Assessing RiverFest

Tallahatchie RiverFest has come and gone, the events all happened as advertised, and despite the rain, attendance was decent. It filled the bill as a community festival.

So now is a good time to take a step back, assess the overall festival and whether it is fulfilling its goal of attracting a regional and growing audience.
RiverFest over the years has had a distinct literary and artsy flavor, which has helped differentiate it from the festivals and concerts that nearly every community puts on.
It has been billed as an event celebrating the visual, literary and performing arts that celebrates the spirit of arts, craftsmen, writer and musicians.
Following that plan has gotten us on the list of top 20 southeast events by the Southeast Tourism Society.
Is that still our niche and, if so, are we advancing and growing that niche? And can our community support a festival with that as its focus?
We know putting on a festival is hard work and requires a cadre of dedicated volunteers. After each year’s event, we think a good post mortem about what’s going well and where we can improve is important.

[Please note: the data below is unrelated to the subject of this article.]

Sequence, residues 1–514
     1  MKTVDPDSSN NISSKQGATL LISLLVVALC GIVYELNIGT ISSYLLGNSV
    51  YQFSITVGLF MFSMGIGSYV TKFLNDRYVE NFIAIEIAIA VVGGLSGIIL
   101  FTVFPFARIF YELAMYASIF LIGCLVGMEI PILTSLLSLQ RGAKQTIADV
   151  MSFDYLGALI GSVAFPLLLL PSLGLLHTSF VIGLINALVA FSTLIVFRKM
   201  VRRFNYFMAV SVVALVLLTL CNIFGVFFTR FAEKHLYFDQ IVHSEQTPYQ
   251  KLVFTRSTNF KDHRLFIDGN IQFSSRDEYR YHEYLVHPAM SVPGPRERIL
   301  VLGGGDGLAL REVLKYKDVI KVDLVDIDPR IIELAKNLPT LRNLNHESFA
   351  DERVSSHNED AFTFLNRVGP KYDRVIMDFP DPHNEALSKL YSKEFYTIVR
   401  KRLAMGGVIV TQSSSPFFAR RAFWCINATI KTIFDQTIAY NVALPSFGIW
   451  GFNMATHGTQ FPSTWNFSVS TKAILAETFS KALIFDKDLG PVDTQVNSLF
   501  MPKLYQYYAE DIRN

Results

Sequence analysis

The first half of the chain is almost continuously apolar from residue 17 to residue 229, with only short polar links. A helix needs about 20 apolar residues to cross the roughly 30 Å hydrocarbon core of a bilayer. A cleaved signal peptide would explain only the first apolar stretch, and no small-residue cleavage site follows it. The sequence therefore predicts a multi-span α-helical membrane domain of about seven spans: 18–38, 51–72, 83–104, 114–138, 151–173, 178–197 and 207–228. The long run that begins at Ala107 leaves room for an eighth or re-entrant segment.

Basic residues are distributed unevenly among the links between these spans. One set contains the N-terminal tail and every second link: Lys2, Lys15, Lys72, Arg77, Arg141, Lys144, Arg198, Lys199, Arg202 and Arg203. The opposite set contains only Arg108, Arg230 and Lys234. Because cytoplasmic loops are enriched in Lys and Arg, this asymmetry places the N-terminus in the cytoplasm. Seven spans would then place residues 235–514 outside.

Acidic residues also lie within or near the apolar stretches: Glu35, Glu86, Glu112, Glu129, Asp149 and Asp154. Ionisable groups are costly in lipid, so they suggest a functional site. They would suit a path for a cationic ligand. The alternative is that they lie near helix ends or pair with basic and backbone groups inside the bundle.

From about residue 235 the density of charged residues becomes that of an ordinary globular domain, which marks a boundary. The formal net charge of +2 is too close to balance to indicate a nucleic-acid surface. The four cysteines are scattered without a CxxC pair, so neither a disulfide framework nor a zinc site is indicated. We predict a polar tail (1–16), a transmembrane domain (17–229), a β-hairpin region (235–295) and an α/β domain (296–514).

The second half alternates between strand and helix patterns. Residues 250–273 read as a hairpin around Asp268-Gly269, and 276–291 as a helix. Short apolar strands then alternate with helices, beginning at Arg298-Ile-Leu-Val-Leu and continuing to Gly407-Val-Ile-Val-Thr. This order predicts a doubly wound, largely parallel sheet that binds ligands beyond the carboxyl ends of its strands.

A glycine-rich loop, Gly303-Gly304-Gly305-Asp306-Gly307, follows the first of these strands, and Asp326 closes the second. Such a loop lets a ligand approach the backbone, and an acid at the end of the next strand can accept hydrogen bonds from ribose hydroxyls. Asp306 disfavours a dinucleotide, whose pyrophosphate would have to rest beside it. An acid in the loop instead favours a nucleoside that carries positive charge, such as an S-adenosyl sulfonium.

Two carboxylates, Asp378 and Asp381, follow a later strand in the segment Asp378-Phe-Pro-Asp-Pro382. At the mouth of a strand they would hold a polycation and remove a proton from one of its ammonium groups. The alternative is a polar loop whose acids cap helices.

Are we attracting the arts and crafts vendors that make our festival more than a vendor flea market? How can we attract more? Are we attracting quality literary event entries from throughout the southeast? Do we have the right mix of entertainment and children’s activities to attract all age groups and economic levels?
We would urge the city of New Albany and the Union County Development Association to bring together a committee of civic-minded people and festival volunteers, especially those with experience with the event over the years, to take a look at all aspects of RiverFest and how to make each aspect better. 

About Chris Elkins

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